Lindsay, Mitchell, Steve, Karla and Ashley Tart, along with Cameron Fenton and Kennedy Fenton, are pleased to welcome diners to Racks, in the former Tootie's Little Rock Saloon.  PHOTO BY GRETCHEN MENSINK LOVEJOY/SPRING VALLEY TRIBUNE
Lindsay, Mitchell, Steve, Karla and Ashley Tart, along with Cameron Fenton and Kennedy Fenton, are pleased to welcome diners to Racks, in the former Tootie's Little Rock Saloon. PHOTO BY GRETCHEN MENSINK LOVEJOY/SPRING VALLEY TRIBUNE
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Oh, deer - Steve and Karla Tart have antlers on their sign...

And good food to tempt one's ribs.

"We tried to come up with a different name when we bought it, but everybody came back to the name 'Racks,' so that's what we called it," said Steve, co-owner of the new restaurant in Spring Valley, which features a deer buck's head as its logo. The Tarts purchased the former Tootie's Little Rock Saloon from Meredith "Tootie" Foster on April 17, and since they and their children are avid outdoorsmen, the name made sense.

The Tarts - Karla, who works at the Mayo Clinic, and Steve, who farms just outside of Wykoff - had considered buying Tootie's three to four years ago, but they didn't have the time at that point.

"It's more that Karla always wanted to own a bar and grill, and we dealt with Tootie and Jimmy a little, and then Tootie talked with Grafe Auction," said Steve. "We'd shown interest in it in the past, but when she got more serious about selling, we got more serious about buying. We finally quit talking and actually did it."

Having officially opened a week ago on June 5, the staff at Racks is ready to serve patrons. Steve felt "excited...because this is something we've never done before."

As soon as they took possession of the restaurant, they hired contractors to update the bar and give the dining room a new shine. They installed new windows in the lounge, overhauled the bar itself, put in a door to the north, brought in flat screen televisions for both the bar and dining room, repainted the building's exterior, the dining room and bar and put in an entirely new kitchen and handicapped accessible restrooms in an effort to brighten the establishment and make it more efficient and friendlier to customers of all ages.

"We want it to be a family restaurant and bar and grill - try to keep them separated, with one end being the restaurant and the other end being the bar," said Steve. "We wanted a fun place with home cooking, a place that people can hang out at and have a good time."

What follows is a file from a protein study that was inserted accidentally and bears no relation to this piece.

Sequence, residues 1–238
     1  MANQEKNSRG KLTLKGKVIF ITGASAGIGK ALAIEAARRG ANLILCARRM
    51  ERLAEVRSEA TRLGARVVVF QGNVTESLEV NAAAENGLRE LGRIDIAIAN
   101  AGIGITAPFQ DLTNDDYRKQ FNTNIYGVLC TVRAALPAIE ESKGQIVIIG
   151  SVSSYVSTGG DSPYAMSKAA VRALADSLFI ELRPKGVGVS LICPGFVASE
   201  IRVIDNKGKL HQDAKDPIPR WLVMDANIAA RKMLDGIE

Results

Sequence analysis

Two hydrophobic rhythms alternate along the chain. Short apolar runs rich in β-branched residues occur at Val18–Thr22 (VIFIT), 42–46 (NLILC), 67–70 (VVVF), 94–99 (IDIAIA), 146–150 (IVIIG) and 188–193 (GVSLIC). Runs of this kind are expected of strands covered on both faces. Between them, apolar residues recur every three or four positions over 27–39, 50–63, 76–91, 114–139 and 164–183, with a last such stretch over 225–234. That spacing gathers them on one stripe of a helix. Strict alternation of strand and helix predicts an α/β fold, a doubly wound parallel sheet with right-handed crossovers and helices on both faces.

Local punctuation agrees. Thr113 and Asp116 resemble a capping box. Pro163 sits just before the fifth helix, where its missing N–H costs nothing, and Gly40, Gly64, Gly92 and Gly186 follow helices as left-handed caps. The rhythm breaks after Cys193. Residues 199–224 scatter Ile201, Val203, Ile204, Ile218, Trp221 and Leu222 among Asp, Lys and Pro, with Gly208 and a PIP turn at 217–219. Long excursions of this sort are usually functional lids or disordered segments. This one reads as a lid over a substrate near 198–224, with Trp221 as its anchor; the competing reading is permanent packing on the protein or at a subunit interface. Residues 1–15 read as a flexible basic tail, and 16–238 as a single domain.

Karla pointed out, "We eventually will have a patio out on the north side and host beanbag tournaments, and the bingo people are anxious to get back into our dining room."

Steve and Karla have also considered what Racks might do to serve hunters this coming fall, and they might challenge them to "some fun things, like bringing the antlers from the biggest buck," and have installed wi-fi for diners who like to bring their laptops to lunch to continue working.

Racks' menu will feature burgers, appetizers, steaks, ribs, chicken wraps, wings, Windsor pork chops, lunch specials and a children's menu, with "full dining until 9 p.m., and then there'll be bar finger food," according to Steve. The restaurant will serve dinner from 11 a.m. to 9 p.m. and breakfast from 8 a.m. to noon on Sundays because the rest of the eateries in town offer breakfast during the work week but are closed on Sundays. Jeff Gaulrapp is the kitchen manager, and the Tarts are certain he'll have plenty of tasty ideas to tempt palates, adding that "if it's not on the menu, we're open to suggestions."

The restaurant endeavor is truly a family affair, as their daughters Lindsay and Ashley and son Mitchell will be working at Racks. Steve and Karla are also grateful for the efforts of various members of Steve's extended family who have pitched in to help the family reach opening day, dusting, vacuuming, stocking, moving furniture, doing dishes and more.

The Tarts were hoping to be able to welcome Tootie Foster to the renovated establishment, but she died before the retirement party the Tarts wanted to hold in her honor. Steve observed that the family admired her willingness to contribute to the community through opening her business to organizations that raise funds for school activities, noting that "she'll be missed. Tootie gave a lot to the community and kids, and we'll continue her tradition of good fun and food."